Iraq buries its dead but recriminations from the stampede have barely begun

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Families of the hundreds of people who died in Wednesday's catastrophic stampede in Baghdad have begun burying their dead amid bitter recriminations over the failure of the government to prevent the tragedy.

A protest march towards the bridge over the Tigris, where the stampede started, ended in more panic and injuries when guarding soldiers began firing in the air.

The latest death toll from the tragedy, which occurred when Shia pilgrims, making their way to Bagdadh's Qadimiya mosque to commemorate the death of 8th century imam, Moussa ibn Jafaar al-Qadim, were panicked by rumours of suicide bombers and stampeded, is 965 drowned or trampled to death.

However, many of the 465 injured are not expected to survive and the death toll is expected to rise further when dead and injured who were taken away by their families are counted.

The Prime Minister Ibrahim al-Jaafari visited Qadimiya hospital in Baghdad, which was filled to overflowing with the wounded, as the government announced three days of mourning and a comprehensive investigation.

Jalal Talabani, Iraq's Kurdish President, said: "The government should take measures for an honest investigation to determine how failures doubled the doubled the casualties."

There were immediate divisions within the government over the killings. The Health minister, Abdul Mutalib Mohammed Ali, called for the defence and interior ministers to resign, declaring that they had failed to protect the worshippers.

Bayan Jabor, the Interior Minister, and Saadoun al-Dulaimi, the Defence Minister, denied responsibility and then argued over who was actually to blame.

Mr Jabor, a Shia, maintained that Sunni insurgents had caused the deaths by spreading the rumours of suicide bombers which started the panic. But speaking at the same press conference, Mr Dulaimi - a Sunni - denied that the deaths were Sunni inspired and claimed his suggestions that the bridge should be closed were ignored. "There had to be a search operation at the end of the bridge," he said. "So crowds gathered and a certain scream caused chaos in the crowd and the crowd just reacted and this sorrowful incident took place."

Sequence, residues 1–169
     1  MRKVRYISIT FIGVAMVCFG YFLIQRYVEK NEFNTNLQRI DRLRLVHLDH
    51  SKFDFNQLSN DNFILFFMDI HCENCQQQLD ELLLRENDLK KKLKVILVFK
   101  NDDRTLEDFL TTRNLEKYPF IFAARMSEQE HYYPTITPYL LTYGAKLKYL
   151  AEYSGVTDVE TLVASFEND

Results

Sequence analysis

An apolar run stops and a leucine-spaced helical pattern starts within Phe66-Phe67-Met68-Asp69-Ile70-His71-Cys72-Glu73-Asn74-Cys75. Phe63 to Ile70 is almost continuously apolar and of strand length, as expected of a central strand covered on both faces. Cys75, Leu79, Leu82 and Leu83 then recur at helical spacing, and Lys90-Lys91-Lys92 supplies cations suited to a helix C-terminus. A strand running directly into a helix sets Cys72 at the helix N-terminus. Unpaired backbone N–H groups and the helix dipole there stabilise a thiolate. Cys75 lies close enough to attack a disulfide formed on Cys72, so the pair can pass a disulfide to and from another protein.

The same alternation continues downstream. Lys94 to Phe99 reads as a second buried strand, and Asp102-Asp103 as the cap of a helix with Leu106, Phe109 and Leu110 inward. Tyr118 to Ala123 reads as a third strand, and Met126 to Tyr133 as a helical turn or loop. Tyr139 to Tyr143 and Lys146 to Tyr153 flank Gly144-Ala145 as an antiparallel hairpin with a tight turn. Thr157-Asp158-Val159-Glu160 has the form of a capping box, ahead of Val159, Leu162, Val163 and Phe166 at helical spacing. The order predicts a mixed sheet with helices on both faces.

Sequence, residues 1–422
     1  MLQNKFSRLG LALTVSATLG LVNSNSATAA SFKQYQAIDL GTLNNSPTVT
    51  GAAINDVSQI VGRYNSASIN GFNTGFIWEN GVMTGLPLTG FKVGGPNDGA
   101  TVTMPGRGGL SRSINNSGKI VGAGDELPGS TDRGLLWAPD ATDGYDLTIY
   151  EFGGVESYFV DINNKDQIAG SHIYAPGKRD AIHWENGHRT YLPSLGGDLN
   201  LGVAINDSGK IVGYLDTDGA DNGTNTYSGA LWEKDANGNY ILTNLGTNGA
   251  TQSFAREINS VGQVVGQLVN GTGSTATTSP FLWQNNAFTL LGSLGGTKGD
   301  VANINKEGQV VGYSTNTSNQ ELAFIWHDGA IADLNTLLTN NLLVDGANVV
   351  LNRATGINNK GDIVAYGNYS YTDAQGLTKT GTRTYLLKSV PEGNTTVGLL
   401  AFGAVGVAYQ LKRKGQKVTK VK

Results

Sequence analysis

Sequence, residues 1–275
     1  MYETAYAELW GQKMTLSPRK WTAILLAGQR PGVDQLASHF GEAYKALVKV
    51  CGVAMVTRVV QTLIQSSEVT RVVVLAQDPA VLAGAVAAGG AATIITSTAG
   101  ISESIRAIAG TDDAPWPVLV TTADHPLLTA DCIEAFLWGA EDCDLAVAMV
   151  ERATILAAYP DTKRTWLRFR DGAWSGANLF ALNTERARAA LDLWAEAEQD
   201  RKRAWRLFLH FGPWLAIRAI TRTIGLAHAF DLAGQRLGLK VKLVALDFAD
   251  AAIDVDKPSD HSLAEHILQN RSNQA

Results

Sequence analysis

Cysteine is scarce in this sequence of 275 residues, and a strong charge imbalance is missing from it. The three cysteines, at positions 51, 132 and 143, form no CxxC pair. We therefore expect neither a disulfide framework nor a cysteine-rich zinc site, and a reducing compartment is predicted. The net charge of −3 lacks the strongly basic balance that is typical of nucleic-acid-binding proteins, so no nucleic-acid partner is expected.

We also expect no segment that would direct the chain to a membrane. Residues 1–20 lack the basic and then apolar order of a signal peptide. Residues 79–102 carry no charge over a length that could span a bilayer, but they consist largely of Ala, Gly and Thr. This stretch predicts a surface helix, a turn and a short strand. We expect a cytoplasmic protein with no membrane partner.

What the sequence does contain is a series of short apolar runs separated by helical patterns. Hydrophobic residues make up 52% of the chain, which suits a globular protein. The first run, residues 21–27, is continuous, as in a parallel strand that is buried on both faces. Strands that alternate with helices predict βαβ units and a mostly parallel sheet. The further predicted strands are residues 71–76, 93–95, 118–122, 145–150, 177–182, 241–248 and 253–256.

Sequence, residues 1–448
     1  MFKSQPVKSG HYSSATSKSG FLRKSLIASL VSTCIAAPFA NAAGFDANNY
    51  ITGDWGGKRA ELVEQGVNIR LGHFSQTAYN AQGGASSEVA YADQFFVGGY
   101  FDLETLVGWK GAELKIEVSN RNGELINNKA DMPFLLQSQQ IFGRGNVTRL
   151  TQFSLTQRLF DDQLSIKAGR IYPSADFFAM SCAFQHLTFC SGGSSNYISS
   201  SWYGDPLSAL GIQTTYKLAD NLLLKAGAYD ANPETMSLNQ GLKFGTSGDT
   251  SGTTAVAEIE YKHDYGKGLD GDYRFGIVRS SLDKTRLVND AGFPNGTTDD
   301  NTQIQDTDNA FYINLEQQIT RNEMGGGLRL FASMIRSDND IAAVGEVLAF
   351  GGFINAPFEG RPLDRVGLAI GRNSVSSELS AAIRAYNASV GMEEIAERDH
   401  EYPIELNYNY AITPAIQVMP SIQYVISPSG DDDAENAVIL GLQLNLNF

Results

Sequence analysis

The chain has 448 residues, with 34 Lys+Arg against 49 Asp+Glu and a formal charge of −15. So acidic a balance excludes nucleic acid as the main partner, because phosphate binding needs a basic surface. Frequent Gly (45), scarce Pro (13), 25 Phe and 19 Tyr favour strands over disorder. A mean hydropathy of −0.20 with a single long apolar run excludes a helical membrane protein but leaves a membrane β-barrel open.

Many among the thousands who gathered for the funerals of the fallen accused the authorities of providing grossly inadequate protection for more than a million pilgrims who had gathered for one of the most important Shia religious events of the year.

Panic set in after the vast crowd, made uneasy by barrages of mortar and rocket attacks earlier, heard rumours of suicide bombers in their midst. Some were trampled to death as they scrambled to cross the al-Aima Bridge while others either flung themselves into the Tigris, or were pushed over the parapets.

Baha al-Aaraji, a leading Shia politician affiliated to the radical cleric Muqtada al-Sadr said: " This is a result of the inadequate performance of the interior and defence ministers which has caused such a loss of life. They should stand in front of the national assembly and be questioned. If it is proven that they have failed to fulfil their responsibilities, they should be dismissed and stand trial."

As mourning tents were being put up at Sadr City, a sprawling Shia slum on the edge of Baghdad, with bodies laid out in makeshift shrouds, the grief of bereaved families turned to anger. " Why did they die? Why did they suffer like this?" Rashida Ibrahim, who lost her 59-year-old mother, demanded. "They had police, soldiers there, but they did nothing to stop this happening. They are guilty for this."

The anger over the deaths adds to the stresses on Iraq's political process following the rejection of the new constitution by Sunni parties.

Speaking on national television, Mr Jaafari urged Iraqis " to be patient with the current circumstances" and called on the Shia, Sunni and Christian communities "to think about the benefit of Iraq".

He said: "We heard the news that some of those enemies attacked innocent people with mortars killing our faithful sons. This attack caused chaos among the Iraqi people in other areas in Baghdad and then because of the technical defects of the bridge, many people were martyred."

There were more deaths in Baghdad when Iraq executed three prisoners - the first time the death penalty has been carried out since the fall of Saddam Hussein's regime. The United Nations and international human rights groups had urged the Iraqi government not to carry out the sentences.

The three men had been convicted by a court in the Shia city of Kut last month of killing three policmen as well as separate counts of kidnap and rape.

* Research by two American anti-war groups has found that the Iraq conflict is costing the US more than the Vietnam War. The Institute for Policy Studies and Foreign Policy in Focus estimates the cost of military operations in Iraq is $500m (£278m) a month more than in Vietnam.